Who can we turn to that will take away all the variables? The last method options is market average prices. It is however good for every artist to know what it actually costs them in time and material to create art. But the same can be said of any business. If you are selling art, you are a business.

 

4.      Market average

Market average prices, is that you set your art on art auction sites and the art sells for the price the buyer wants to pay. For relatively known artist, this will result in good market prices, that are realistic. For famous artist, the costs of art work can reach astounding amounts often seen on front paper newspapers. The prices are astronomical, but that is a very small percentage of the art market. For artist new to the market, this will sometimes result in €6,00 - €200,00 sales. Which is an even worse option than the third method, described above here.

 

The market average is also seasonally bound. Decembers are bad and you can rather put art work on free market auction sites from February onwards. There are two specific moments in auction spring and fall. This is when Sotheby’s and Christie’s have their annual auctions. When you post art work around this time, the chance of the paintings being sold for more than €200,00 is much better.

 

However most artist, making paintings, already have a network of people who are more than willing to buy their work for €500,00 if they had to say a price themselves. They may not know it. Putting that art work on an external price, it can also scare the artists own network away from buying that painting. On the other hand, there is no time frame pressure for acquaintances of artist to buy their work and the timer will force people to act or not.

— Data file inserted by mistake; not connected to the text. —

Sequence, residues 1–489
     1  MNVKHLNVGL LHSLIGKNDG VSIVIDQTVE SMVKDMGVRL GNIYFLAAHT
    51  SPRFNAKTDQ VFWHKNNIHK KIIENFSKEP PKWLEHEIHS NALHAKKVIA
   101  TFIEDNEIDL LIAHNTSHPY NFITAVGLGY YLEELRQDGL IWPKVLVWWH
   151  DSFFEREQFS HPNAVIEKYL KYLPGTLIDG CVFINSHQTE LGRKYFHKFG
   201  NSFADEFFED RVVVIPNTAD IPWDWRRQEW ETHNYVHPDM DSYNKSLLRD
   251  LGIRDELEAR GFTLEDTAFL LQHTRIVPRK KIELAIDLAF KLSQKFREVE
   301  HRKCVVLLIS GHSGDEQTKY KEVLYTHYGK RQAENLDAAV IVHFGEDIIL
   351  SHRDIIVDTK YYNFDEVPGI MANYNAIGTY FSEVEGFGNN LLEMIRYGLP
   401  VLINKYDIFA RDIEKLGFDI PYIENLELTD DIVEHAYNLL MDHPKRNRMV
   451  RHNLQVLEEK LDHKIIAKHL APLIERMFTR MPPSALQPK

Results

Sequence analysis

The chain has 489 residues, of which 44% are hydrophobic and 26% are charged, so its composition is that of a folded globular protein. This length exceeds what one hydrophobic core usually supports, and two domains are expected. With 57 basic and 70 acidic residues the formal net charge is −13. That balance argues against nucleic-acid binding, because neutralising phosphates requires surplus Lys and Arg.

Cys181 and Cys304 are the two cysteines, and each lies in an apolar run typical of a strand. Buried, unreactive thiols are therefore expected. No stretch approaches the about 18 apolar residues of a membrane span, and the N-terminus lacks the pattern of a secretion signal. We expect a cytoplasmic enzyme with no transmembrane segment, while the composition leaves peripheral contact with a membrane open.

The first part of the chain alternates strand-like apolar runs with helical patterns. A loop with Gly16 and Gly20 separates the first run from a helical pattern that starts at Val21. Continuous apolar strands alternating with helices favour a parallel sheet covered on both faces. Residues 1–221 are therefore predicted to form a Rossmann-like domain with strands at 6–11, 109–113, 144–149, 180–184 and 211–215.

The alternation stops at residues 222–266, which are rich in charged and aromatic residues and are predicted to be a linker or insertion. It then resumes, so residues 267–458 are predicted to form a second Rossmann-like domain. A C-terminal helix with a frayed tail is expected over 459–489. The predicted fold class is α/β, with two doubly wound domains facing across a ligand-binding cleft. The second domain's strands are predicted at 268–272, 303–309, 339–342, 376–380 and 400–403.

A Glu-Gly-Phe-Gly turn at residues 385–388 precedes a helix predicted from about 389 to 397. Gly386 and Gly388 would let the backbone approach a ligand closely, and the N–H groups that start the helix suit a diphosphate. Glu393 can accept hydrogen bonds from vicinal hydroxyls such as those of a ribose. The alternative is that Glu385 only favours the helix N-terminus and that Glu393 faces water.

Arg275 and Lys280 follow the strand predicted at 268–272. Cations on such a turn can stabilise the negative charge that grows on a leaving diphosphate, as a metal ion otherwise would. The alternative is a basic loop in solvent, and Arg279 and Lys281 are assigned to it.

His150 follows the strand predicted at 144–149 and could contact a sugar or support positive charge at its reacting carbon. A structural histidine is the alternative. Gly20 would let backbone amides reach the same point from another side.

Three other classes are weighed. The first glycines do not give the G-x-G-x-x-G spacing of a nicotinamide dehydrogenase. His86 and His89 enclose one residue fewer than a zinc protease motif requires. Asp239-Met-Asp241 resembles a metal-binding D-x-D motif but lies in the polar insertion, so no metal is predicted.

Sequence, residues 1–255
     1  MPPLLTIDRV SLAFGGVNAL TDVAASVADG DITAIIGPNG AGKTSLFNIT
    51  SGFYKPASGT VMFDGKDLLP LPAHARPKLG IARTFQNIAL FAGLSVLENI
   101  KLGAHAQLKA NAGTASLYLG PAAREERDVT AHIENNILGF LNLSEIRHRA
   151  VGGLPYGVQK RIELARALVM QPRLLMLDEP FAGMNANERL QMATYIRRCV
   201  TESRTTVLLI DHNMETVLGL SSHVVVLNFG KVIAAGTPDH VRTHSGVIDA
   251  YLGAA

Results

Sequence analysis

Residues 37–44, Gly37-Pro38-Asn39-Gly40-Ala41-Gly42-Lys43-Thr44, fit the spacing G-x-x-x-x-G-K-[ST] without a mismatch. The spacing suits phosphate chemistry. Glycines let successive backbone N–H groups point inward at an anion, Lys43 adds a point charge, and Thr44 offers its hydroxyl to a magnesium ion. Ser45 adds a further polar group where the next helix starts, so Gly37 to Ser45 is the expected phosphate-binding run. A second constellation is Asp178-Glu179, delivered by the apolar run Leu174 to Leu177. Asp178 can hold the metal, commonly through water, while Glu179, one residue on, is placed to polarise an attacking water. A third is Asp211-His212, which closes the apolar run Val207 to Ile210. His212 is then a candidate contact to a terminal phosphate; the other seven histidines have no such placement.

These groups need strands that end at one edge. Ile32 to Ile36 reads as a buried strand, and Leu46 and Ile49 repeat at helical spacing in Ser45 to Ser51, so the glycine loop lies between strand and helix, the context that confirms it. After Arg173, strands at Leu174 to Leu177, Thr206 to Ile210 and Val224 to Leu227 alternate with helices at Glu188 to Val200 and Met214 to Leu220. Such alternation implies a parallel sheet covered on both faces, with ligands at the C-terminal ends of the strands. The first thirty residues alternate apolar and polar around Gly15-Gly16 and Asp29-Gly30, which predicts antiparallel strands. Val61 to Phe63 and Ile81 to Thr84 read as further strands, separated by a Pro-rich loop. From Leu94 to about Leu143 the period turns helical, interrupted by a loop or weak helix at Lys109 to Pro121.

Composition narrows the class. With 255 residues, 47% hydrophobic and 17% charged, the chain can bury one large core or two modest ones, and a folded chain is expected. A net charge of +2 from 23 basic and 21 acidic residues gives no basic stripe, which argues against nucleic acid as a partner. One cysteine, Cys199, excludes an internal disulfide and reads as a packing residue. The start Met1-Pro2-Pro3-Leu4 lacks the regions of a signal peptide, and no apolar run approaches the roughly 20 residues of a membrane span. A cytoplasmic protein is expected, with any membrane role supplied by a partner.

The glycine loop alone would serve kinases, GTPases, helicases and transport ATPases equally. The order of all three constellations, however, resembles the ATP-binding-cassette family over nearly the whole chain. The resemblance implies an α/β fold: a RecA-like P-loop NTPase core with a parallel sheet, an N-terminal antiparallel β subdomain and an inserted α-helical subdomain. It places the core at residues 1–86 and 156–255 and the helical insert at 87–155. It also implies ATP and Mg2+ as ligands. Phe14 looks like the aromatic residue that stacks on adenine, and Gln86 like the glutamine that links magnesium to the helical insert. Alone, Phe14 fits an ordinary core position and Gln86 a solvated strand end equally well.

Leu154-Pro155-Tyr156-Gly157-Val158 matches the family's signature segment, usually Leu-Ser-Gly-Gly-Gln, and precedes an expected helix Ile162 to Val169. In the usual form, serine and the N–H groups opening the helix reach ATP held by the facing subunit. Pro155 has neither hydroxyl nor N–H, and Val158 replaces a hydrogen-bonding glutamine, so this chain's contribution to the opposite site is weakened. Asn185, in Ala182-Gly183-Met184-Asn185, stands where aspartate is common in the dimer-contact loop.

Summary for method 4

Putting art on the free market auction sites, is a good idea for people who want to sell their own art or art they have collected as a means to get the work out there. The payoff however is not that interesting for artist who do not know who buys their paintings, but can be good foundation for market research to see what country or area buys your what type of paintings. For collectors starting out, this is also a good way to only pay what you are willing to pay for the painting. The auction site you use will heavily influence the quality and price of a painting. There are different gatekeepers to being able to buy or sell through Sotheby's, Christie's, Catawiki or a local auction house. The company behind the artist and the location of the sale influences the price of an art work. The influence of location will be delved into in the following part. 

 

Conclusion

There is no industry standard method when it comes to artist or galleries selling art. There are a lot of variables involved in all of these methods. Variables that are difficult to pinpoint exact. Each artist, each painting and even the collector buying a painting will influence the different variables greatly.

Hope this gave you some insight in how the price of paintings can be calculated. Every option has a lot of pro’s as well as cons. The price of a painting is often further complicated by the location of where the sale happens. Buying at an art fair, gallery, artist studio, auction house or village market place has a lot of influence on the price.  Next week we will see how these price methods relate to different location contexts. Some methods are perfect for direct painting sales between artists and a collector and other methods are for auctions or galleries.

 

 

Lot of love,

Tascha

who made a lot of tiktok videos

during the math portion of this article

 

The oil painting "Left Behind IV" by Marko Klomp.